November 8th, 2007

tea - it's good for you

Good morning

Since high school, one of my greatest pleasures has been kicking back in a coffee shop with a book and a cuppa. It's the easiest way for me to concentrate on readings for a class, for some reason -- the distractions of the semi-public place are easier for me to handle than the distractions of home. So why it took me so long to figure out that a laptop and some wireless would be just as compelling, I have no idea.

This particular Panera is one of the best places I've found. The coffee is good and the refills are free, the breakfast pastries are tasty (I am addicted to the four-cheese souffle, and the cinnamon crunch bagels), and the people watching is excellent, too -- picture windows all around, and it faces a busy intersection with three train stops. So people and trains and cars are always flowing by. As long as I don't sit too close to the door (as I have today, unfortunately), I could hang out here for hours.

I haven't yet had much success with serious writing here, though. Whenever I come here, I end up surfing and/or writing on LJ. Then again, I haven't really tried to buckle down and work on fic in public much; if I'm in the right mood I bet it works really well. A holiday is coming up; maybe that would be a good time to check it out.
book

SpecFicChallenge #1: A Fire Upon the Deep by Vernor Vinge

I've gotten out of the habit of reading hard sci-fi. I read a lot of it in high school and college (as much as I read a lot of anything in college) because my dad and then my friends were fans of the genre, and although I enjoy reading it, I'm really more of a fantasy girl. But then, a few weeks ago R was talking about this book as though it were something that he assumed that I'd read, and when I admitted I hadn't, he recommended it highly. I bought a copy, and then I gave it to T because I was reading something else and he was complaining about not having anything to read. Then he finished it, and I decided to take advantage of the opportunity to read something he'd read recently and picked it up.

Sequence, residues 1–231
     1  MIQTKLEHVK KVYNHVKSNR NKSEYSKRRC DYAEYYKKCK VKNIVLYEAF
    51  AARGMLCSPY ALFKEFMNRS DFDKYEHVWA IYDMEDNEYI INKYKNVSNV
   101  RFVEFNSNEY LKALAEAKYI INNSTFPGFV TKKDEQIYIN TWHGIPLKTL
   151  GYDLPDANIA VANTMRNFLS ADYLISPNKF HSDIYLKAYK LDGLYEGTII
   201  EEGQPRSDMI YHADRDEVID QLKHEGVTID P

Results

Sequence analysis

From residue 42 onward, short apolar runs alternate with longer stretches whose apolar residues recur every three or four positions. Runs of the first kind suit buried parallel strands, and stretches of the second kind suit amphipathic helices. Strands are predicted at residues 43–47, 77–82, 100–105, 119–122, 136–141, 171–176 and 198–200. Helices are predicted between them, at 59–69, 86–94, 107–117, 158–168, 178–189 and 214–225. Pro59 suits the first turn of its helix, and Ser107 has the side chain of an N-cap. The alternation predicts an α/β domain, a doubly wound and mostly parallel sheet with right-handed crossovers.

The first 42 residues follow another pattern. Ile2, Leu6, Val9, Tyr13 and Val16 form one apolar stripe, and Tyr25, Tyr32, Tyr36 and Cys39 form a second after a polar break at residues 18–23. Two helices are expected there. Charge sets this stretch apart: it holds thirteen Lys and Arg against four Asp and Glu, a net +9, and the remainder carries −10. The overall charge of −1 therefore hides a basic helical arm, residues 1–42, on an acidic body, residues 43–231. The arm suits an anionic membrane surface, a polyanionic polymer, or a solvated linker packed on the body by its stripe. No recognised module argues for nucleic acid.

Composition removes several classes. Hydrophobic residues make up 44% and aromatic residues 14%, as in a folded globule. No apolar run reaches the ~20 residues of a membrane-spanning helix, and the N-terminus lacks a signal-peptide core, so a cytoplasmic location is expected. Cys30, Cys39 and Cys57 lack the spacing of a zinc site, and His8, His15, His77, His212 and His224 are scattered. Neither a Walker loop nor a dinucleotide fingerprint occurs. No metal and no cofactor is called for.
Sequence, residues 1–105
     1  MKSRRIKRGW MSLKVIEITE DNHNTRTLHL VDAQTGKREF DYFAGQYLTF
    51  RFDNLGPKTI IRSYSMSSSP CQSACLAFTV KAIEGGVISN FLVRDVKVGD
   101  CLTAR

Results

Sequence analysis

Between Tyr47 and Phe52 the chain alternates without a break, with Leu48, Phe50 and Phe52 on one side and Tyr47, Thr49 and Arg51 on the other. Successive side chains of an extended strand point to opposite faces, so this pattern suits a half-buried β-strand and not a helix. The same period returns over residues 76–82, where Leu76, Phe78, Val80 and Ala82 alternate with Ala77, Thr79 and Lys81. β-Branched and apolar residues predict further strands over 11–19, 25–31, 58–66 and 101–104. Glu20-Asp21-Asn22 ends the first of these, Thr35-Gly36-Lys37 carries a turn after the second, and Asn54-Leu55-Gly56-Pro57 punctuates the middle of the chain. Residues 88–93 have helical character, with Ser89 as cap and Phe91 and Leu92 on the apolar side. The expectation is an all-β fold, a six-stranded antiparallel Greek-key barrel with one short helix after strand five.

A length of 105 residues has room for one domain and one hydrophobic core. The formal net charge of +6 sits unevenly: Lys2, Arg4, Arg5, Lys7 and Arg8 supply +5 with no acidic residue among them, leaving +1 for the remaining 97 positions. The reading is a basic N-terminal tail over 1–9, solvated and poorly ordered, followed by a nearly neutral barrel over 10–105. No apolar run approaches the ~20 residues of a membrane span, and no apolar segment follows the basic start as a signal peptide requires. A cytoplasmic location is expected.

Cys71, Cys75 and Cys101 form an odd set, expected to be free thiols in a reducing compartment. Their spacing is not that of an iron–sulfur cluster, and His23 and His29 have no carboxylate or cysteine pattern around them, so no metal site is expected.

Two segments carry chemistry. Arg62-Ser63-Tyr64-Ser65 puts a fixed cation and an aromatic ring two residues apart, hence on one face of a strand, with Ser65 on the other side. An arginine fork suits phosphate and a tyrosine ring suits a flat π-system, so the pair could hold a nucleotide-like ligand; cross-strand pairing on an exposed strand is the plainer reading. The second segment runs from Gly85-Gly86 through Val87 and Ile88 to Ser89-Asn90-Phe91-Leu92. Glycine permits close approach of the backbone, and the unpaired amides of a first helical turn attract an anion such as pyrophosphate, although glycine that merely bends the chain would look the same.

I liked it, quite a lot, and would easily recommend it to science fiction fans, a little more cautiously to eveyone else. Vinge throws you into the story without a whole lot of preamble or even exposition -- the reader is left to figure out the universe's technology and backstory on their own, which I found an intriguing exercise for the most part but occasionally it was a little frustrating; there are things about the science that I still don't understand. But it's a compelling story, both on the "universe in peril" level and on the "what will happen to these characters I've come to know and love?" level. It's a thoughtful look at what an interstellar society might look like several hundred thousand years from now, and it presents one of the most fascinating alien races that I've ever encountered in science fiction; I hesitate to say too much, because figuring out what was up with them was an excellent "A-ha!" moment, but if anyone else has read it and would like to discuss in comments, I'm more than game.